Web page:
In particular, there's no reason to keep a fixed price; we can figure out a price using the same heuristics as existing spam filters: can we verify the sender, have we seen spam/ham from them before, do they appear on black/whitelists, etc. This way the pressure can be kept on spammers, whilst the majority of normal traffic can go through with little effort. Note that this fixes the mailing list problem too, e.g. if users add the list address to their whitelist, or if they send a message in order to subscribe (hence triggering the "allow this, it's a reply to our message" heuristic).
I also think this would be a nice alternative to API keys, since it would keep things more "open" for experimenting and mashups, whilst giving providers a way to avoid abuse (API keys could still be provided, as a way to significantly lower the amount of hashcash required).
The idea was dead on arrival.
As protocols are meant to connect different implementations and bringing more protocols for the same task quickly hurts the interoperability (before bringing some improvements in the long-term), I am skeptical to the effects those new protocols bring to the ecosystem. I am aware that JMAP was born more out of the RESTful requirements of an HTTP based App, but in general, I am wondering where this road will lead us.
As for XMPP battery consumption I didn't see major problems, Conversations.im is always <1% (I just checked and it shows 0%). On the other hand Conversations can use push to optimize battery usage.
So it is pretty obvious that the vendor built battery optimization software does more bad than good.
Could JMAP replace SMTP as well as IMAP?
BURL  is an SMTP extension that allows to submit a mail that is already stored on an IMAP server. This still requires to make a separate connection to send the mail, but at least it does not require uploading it to both SMTP and IMAP only to store it in the Sent folder.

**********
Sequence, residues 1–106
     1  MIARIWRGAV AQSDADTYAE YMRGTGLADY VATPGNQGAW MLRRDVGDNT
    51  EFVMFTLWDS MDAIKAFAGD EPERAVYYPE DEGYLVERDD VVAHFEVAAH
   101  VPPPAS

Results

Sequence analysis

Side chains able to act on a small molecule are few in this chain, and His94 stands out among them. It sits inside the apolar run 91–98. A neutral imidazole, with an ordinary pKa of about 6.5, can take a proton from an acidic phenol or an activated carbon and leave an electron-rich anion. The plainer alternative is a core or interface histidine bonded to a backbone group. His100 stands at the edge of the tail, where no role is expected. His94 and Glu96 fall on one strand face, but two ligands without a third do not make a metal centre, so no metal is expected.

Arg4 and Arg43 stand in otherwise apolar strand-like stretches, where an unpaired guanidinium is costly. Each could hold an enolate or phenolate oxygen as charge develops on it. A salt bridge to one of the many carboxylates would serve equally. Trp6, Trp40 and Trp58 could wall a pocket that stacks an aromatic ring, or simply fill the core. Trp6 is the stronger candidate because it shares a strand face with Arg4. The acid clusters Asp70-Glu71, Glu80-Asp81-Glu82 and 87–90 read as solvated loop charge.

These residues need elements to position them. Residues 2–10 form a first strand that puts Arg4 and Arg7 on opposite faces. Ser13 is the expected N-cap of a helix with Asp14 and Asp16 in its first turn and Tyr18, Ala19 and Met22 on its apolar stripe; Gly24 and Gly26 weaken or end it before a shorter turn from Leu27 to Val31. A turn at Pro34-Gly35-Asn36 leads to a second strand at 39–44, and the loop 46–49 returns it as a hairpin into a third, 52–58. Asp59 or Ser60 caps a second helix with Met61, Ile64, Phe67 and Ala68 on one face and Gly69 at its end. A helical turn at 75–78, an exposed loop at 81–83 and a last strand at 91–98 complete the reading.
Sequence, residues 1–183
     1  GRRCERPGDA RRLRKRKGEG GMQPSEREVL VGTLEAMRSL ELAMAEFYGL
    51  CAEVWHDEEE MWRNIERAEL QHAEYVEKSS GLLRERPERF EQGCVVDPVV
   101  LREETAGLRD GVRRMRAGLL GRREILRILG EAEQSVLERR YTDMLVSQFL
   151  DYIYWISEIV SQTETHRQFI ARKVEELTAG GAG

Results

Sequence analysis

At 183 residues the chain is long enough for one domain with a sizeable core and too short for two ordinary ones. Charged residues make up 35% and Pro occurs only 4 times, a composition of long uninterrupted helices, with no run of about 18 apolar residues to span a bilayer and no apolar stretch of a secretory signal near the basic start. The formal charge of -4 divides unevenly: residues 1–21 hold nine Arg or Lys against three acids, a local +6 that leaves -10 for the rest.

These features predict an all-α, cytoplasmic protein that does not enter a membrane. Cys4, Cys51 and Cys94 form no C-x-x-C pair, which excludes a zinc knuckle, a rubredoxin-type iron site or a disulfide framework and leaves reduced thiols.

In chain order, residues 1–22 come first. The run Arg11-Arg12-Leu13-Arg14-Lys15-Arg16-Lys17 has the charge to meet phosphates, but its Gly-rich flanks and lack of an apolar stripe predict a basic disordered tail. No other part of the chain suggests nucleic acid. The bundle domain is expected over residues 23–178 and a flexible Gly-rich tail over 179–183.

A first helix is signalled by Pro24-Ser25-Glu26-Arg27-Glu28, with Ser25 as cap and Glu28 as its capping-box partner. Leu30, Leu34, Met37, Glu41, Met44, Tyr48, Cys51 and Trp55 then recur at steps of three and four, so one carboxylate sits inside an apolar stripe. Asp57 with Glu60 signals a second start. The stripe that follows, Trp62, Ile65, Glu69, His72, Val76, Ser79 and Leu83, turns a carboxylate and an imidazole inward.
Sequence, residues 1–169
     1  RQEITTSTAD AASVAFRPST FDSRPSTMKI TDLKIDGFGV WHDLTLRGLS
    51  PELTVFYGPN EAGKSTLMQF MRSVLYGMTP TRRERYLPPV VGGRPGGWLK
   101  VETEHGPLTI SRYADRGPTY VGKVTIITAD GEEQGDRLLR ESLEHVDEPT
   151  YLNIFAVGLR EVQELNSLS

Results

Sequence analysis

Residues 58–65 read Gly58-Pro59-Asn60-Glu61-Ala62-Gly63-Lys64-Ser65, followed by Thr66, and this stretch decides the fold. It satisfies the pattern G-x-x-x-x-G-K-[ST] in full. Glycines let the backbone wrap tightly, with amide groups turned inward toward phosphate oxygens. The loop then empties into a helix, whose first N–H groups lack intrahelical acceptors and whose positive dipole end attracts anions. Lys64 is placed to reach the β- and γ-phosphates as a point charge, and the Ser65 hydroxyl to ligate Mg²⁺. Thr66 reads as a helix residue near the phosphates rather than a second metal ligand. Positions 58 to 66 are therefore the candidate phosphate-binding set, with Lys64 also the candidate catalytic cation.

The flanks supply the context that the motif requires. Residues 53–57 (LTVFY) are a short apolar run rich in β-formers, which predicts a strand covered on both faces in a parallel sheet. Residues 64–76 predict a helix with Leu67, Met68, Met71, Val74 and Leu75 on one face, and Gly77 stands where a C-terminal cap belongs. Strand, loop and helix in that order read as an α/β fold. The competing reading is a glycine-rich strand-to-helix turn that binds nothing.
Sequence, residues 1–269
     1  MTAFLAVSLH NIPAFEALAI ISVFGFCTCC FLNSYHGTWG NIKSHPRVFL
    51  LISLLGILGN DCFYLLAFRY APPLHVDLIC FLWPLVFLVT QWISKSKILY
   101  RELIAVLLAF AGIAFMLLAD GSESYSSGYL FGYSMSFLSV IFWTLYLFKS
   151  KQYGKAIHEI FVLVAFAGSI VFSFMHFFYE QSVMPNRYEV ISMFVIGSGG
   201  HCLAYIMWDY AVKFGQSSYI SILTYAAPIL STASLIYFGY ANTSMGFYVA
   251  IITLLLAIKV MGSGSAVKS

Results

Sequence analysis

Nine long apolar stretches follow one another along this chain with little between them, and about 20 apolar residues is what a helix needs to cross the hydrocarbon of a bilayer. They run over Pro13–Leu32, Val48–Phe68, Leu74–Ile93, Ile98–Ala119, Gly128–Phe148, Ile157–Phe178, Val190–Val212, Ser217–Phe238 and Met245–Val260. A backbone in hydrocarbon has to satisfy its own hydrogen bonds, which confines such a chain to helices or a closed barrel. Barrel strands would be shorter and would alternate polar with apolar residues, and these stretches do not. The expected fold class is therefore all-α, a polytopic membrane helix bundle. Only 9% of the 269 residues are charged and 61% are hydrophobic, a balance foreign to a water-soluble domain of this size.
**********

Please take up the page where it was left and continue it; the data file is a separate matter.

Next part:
However, this extension is rarely implemented or deployed, although the RFC itself is already twelve years old. As an example, Dovecot started to support it by acting as a SMTP proxy  as of version 2.3 in 2017. I am not aware of any mail clients that support BURL.
Can I know from a capability exchange if the remote server will send emails after adding to the "Outbox" folder?
Background for this is that I implemented a calendar client and a calendar server (with SabreDAV) last year and I'm wondering if I should be adding support for JMAP anytime soon.
When I was working on calendaring project I've found lots of ways to create broken events in google calendar for example. They are completely valid according to RFC but absolutely not usable in apps.
Also there are working groups that STILL developing calendaring RFCs, they create tons of esoteric and cryptic documents every year.
P.S. When I write “RFC” I mean any well established standard.
> Internet: Do you think JMAP will really take off?
> Me: JMAP is an open, smart, modern, and powerful E-mail protocol, so probably not.
I am not impressed. Folders moved in the webinterface show up unmoved in Thunderbird. And vice versa.
Sometimes it works, sometimes it doesn't. They're investigating the problem at the moment, but the updates they've given me don't give me much hope.
I'm looking at migrating away to another provider that just does plain old imap.
I just do not know if EWS is an "open standard" that could be replicated by a third party server or if it is only "open documentation" and licensed for Exchange only :(
Not sure if this is possible, I don't know if Outlook uses the EWS protocol, OWA or something entirely different :/
WTF? So, webmail was limited by the fact that it was running in a browser and thus had to use HTTP, which has semantics that don't really fit the needs of an email access protocol. Now, we do have stuff like websockets that would make it possible to run a protocol from the webmail client that actually fits the needs, and instead people invent a new protocol that inherently doesn't match the needs of the application?
And could you also explain how constantly making new connections makes things work more reliably over unreliable links? Like, does that allow you to transfer data when the network link is down? Does the fact that inside the TLS/TCP connection data is transferred via HTTP instead of IMAP somehow make the TCP connection work better over lossy links?
It would seem to me like the exact opposite should be the case, if it has any effect at all?
The platform argument is roughly that if they hold open one connection, it's cheaper than each app holding open their own connection. And maybe, if you're optimistic, the platform will be better at figuring out ping intervals for that connection that adapt to broken Nat devices per network (ie: on some networks, wake up once a minute to keep the connection active, and on reasonable networks wake up once every 30 minutes)